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Question related to this article:
 
Can we abolish all nuclear weapons?

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What now: New action from a ‘failed’ NPT Review Conference?

The failure of an NPT Review conference to adopt a final document does not necessarily imply a failed conference. Proposals discussed during an NPT Review Conference can take a life of their own despite of – or even stimulated by – the lack of agreed outcome.

This happened for example in 2015. A final document was unable to be agreed. The main dispute was on the proposal to convene a UN conference to establish a Middle East Zone from Nuclear Weapons and other Weapons of Mass Destruction regardless of whether or not all states in the region participated in the UN Conference. A secondary dispute was on the proposal to start negotiating a threat to prohibit nuclear weapons regardless of whether or not nuclear armed and allied states joined such negotiations.

Despite no final agreement, the NPT Review Conference provided the incubation space for both proposals, which then were taken up through the UN General Assembly resolutions.

These resulted firstly in the UN Open Ended Working Group being reconvened in 2016 to prepare the basis for a nuclear ban treaty, which was then negotiated and adopted at the UN General Assembly in 2017. This was followed in 2018 by the UN General Assembly establishing a UN Conference on a Middle East Zone free from Nuclear Weapons and other WMD , which convenes annually (except during the COVID-19 pandemic) until it concludes a legally binding treaty.  

Issues/initiatives at the 2022 NPT Review Conference that drew a lot of attention, possibly paving the way for action in other forums, included nuclear risk reduction, non-use of nuclear weapons in armed conflict, the adoption of no-first-use policies and negative security assurances.

The call for adoption of no-first-use policies, for example, found much stronger support than in previous NPT Review Conferences, and for the first time ever was included in the draft final document (up until the final few days). This was in large part due to the campaign activities of NoFirstUse Global, including the presentation to the NPT Review Conference of the Open Letter Fulfil the NPT: From nuclear threats to human security , and advocacy in capitals and during the Review Conference.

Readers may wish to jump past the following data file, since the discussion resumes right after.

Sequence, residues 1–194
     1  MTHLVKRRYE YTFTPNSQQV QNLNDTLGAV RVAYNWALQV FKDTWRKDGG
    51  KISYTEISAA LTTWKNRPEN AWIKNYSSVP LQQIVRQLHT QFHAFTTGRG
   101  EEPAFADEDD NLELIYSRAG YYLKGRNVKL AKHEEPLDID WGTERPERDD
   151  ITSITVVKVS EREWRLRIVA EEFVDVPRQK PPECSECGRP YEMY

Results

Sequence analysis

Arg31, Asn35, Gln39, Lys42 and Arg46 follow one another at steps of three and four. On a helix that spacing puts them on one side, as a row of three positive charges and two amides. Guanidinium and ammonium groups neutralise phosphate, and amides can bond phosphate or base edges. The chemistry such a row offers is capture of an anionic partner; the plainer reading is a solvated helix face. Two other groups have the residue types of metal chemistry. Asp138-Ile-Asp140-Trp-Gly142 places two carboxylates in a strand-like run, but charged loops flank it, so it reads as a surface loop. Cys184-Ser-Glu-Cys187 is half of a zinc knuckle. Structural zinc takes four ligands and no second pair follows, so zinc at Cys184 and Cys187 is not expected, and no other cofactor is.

In addition, informal discussions were held during the NPT Review Conference, on a proposed United Nations General Assembly resolution on reducing the threat of nuclear-weapons-use arising from armed conflicts including the Ukraine conflict.

UNFOLD ZERO, NoFirstUse Global   and other partner organizations will use the momentum generated at the NPT Review Conference on these initiatives (and others) to make progress in the UNGA and other relevant forums. We encourage you to stay tuned and engaged in this.   

According to Ambassador Gustavo Zlauvinen, President of the NPT Review Conference, the conference was “very meaningful.” “Delegations engaged in discussions on very complex issues, and the lack of an outcome document did not diminish their work. It is like we had a movie for four weeks, but we couldn’t take a picture at the end of the movie. So not having the picture of that doesn’t reflect that the movie didn’t exist.” (See UN Chief disappointed nuclear treaty conference ends without consensus , UN News, August 27, 2022)

Mayors for Peace: Delegation attended the 10th NPT Review Conference

DISARMAMENT & SECURITY .

Excepts from the website of Mayors for Peace

A Mayors for Peace delegation attended the Tenth Review Conference of the Parties to the Treaty on the Non-Proliferation of Nuclear Weapons (10th NPT Review Conference) in New York. Headed by Vice President TAUE Tomihisa (mayor of Nagasaki) and Secretary General KOIZUMI Takashi, the delegation appealed to the representatives of national governments to adopt a final document for promoting nuclear disarmament and non-proliferation and respect what had been agreed on at the first Meeting of States Parties (1MSP) to the Treaty on the Prohibition of Nuclear Weapons (TPNW). The Mayors for Peace delegation also requested greater understanding of and continued support for the initiatives of Mayors for Peace from the national government representatives.

At the UN Headquarters, the venue of the 10th NPT Review Conference, Mayors for Peace also hosted an Atomic Bomb Poster Exhibition, aiming at building momentum for achieving a peaceful world free of nuclear weapons.

Meeting with Former UN Under-Secretary-General Chowdhury

The Mayors for Peace delegation handed to former UN Under-Secretary-General Anwarul Chowdhury a letter from President Matsui requesting a commemorative lecture at the 10th General Conference of Mayors for Peace, and had exchange of views on the culture of peace—championed by former Under-Secretary-General Chowdhury himself.

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Question related to this article:
 
Can we abolish all nuclear weapons?

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Other meetings

(Other meetings were held with the Executive Director of the Arms Control Association, with Special Representative of the U.S. President for Nuclear Nonproliferation, the  Permanent Representative of Japan to the Conference on Disarmament, the Director of Disarmament and Non-Proliferation, Department of Foreign Affairs, Ireland, Hibakusha Ms. Setsuko Thurlow, the Permanent Representative of UK to the Conference on Disarmament, the Permanent Representative of France to the Conference on Disarmament and the President of the 10th NPT Review Conference.)